• Flossie, I think you hit the nail on the head when you said we want to be true to ourselves, but also be accepted and love. Sometimes those two things don’t fit in equal measure, and not everyone “gets” what makes us tick. I think it’s harder for writers because we invest so much in our creations. When I was young, I was still getting past that hurdle of having the courage to share my writing.

      And a pox on whoever called you evil!

      Liked by 1 person

    • Hello, backyardpoet! Great to have you drop by and comment. I do think our moods reflect how and what we write. The weird thing is, I distinctly remember where I was when I wrote this poem–enjoying my lunch break on a beautiful sunny day. I’m still going to blame King Crimson, LOL! 🙂

      Liked by 1 person

  10. I loved the poem. Of course, as a life-long fan of Poe, I’m not sure what that says. However, nowhere did I pick up on evil. From the beginning of time, we’ve wondered where souls go after passing, and many if not most, believe there are at least two options. I saw the Harvest Witch as one of those possible fates, looking to collect this particular soul, perhaps because of his own personal failings. Or maybe she just got there first. But however you interpret it, it wasn’t evil. People have been writing poems and stories about what lies beyond for a very long time. They are among my favorite reads. This one was beautifully done, and I loved the imagery.

    Liked by 2 people

    • Such a great comment, Marcia. I love how you looked into the verses and came up with your own interpretation. I’m also a fan of Poe, and it could be that attachment helped shape this particular poem.

      And I’m glad to know you didn’t pick up on evil, LOL. I was shooting for imagery and it sounds like I achieved that 🙂

      Liked by 1 person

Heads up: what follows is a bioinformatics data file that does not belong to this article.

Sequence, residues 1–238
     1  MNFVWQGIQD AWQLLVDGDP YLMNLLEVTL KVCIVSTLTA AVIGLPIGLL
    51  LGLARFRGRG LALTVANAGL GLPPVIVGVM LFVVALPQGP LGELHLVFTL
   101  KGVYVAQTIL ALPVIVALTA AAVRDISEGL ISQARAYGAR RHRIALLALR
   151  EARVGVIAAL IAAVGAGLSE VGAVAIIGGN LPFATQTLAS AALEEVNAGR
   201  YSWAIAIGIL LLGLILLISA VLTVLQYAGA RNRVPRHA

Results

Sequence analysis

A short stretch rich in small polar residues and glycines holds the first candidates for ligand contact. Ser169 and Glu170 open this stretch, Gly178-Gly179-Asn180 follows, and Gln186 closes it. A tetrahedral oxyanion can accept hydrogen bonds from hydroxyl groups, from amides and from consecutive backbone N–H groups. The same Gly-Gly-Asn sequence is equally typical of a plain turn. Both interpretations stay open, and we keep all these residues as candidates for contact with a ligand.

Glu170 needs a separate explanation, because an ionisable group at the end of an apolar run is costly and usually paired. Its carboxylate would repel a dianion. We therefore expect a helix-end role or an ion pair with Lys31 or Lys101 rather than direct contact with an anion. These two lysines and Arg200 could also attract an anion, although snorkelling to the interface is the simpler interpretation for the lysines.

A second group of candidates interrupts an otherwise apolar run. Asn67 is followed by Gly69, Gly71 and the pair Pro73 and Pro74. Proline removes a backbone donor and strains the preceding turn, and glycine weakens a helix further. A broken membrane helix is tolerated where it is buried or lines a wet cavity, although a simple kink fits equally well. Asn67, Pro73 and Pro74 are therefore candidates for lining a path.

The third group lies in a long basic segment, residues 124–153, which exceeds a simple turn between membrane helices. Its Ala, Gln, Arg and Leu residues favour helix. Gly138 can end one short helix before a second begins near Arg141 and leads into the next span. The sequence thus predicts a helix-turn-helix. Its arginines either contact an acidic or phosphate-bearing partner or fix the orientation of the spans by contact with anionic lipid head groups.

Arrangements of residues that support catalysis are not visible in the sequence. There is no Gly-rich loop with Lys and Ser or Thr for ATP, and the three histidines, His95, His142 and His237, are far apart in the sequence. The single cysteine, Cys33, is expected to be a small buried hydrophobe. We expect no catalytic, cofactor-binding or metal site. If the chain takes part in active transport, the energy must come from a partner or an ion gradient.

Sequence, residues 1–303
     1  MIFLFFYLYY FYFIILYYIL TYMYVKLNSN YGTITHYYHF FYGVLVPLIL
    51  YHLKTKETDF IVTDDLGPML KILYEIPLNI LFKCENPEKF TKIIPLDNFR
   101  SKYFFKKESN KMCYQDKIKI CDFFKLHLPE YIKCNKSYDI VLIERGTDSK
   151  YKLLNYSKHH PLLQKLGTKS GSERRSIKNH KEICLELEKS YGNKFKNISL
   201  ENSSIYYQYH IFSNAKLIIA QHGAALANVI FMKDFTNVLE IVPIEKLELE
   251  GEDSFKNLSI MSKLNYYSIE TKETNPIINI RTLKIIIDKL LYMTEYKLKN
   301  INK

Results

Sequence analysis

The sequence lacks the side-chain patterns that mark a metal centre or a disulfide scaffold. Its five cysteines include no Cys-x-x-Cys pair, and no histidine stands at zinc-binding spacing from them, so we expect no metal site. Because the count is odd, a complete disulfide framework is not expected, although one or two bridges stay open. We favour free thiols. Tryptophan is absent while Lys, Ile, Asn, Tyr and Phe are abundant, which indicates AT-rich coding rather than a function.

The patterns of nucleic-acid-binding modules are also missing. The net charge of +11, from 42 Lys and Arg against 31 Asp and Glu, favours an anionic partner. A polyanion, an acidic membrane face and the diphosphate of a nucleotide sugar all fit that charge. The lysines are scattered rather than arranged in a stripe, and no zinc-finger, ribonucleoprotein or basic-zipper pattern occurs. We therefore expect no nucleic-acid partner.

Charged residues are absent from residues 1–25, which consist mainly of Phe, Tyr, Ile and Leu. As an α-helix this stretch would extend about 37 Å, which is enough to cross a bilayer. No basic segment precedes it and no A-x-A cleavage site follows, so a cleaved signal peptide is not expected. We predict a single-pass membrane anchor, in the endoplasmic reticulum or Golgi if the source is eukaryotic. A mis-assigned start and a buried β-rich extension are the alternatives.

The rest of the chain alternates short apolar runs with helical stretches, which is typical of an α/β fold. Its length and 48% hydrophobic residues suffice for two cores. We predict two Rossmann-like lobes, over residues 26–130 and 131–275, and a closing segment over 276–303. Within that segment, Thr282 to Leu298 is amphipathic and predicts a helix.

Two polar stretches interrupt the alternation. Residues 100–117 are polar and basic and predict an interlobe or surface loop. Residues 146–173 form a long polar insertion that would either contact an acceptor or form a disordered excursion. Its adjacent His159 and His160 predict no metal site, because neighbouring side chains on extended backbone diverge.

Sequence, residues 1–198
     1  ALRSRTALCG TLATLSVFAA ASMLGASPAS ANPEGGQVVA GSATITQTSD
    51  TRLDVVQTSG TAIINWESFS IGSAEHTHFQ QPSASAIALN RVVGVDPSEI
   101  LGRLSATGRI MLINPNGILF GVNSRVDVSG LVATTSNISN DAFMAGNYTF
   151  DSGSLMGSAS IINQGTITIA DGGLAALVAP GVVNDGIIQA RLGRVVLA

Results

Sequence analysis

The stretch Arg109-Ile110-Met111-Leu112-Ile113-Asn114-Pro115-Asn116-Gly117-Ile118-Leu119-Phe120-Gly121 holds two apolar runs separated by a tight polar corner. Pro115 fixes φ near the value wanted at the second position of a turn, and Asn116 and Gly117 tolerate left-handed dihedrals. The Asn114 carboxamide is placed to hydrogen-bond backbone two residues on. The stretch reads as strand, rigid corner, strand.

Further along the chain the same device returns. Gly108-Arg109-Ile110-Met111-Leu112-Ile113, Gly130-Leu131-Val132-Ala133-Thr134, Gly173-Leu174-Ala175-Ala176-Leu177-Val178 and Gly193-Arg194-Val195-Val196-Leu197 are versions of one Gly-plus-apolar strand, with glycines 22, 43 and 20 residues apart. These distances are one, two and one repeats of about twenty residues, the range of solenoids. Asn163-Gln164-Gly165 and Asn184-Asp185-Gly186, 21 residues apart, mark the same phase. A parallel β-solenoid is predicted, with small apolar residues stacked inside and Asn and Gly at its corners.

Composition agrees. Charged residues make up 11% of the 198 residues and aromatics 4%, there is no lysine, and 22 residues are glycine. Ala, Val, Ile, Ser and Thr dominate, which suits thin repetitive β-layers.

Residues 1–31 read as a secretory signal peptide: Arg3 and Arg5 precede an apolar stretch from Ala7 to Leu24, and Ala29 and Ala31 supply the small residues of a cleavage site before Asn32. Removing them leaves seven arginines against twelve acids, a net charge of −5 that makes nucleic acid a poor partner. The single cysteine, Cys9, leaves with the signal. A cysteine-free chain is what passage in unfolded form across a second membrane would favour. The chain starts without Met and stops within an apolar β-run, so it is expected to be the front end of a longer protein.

11. I keep finding more and more ways we’re alike. I used to write dark, angsty poetry a lot when I was a teenager. As an adult, I write edgy, kind of dark paranormal romance. And a little horror. In real life? I’m a conservative Christian who is almost always upbeat and optimistic. I’m very tender-hearted and can’t stand it when I see a dead squirrel or rabbit on the road. Sometimes I think we have that dark side lurking inside us, and we need to get it out in some way. Hence, the fiction. What do you think?

    Liked by 1 person

  12. Lovely poem, Mae. Not in the bright sunshiny flowers and butterflies kind of way, but in a dark imagery kinds of way, the kind that creates mind movies 🙂 I’m not one to watch horror movies, or set a foot in a haunted house either, and I tend to stay away from dark horror, but I do appreciate the creativity. Thank you for sharing! Oh, and ditto what others have said about teenagers. They have a tendency to see the dark in a lot of things… 🙂

    Liked by 1 person

    • I am SOOO not a haunted host type of person, Julie. I’ll watch a horror movie but only if it’s a monster movie, not the demonic or slasher kind (yeah, weird, I know).

      Mind movies. I like that 🙂
      Thanks for checking out my old and unusual creative exercise!

      Liked by 1 person

  13. I think the content is good, but the structure might need a little help. I was impressed by your skills with the rhymes. They were barely noticeable, but your end punctuation, having commas or a period at the end of every line made them feel a little disjointed to me. It might also be the rhythm you chose being a little off in some spots. Like the first line of the second stanza, the last prepositional phrase seems useless, or could be trimmed. Otherwise, I think the way you’re exploring witchcraft and magic is nice and smooth.

    Liked by 1 person

    • Thanks for the input. I wrote this almost 30 years ago, and poetry is not my forte, but it was fun to experiment with, and I might attempt some verse again in the future. I appreciate your insightful and thoughtful comments. Thanks for visiting!

      Like

  14. Pingback: Write from the heart – theGeniusofNature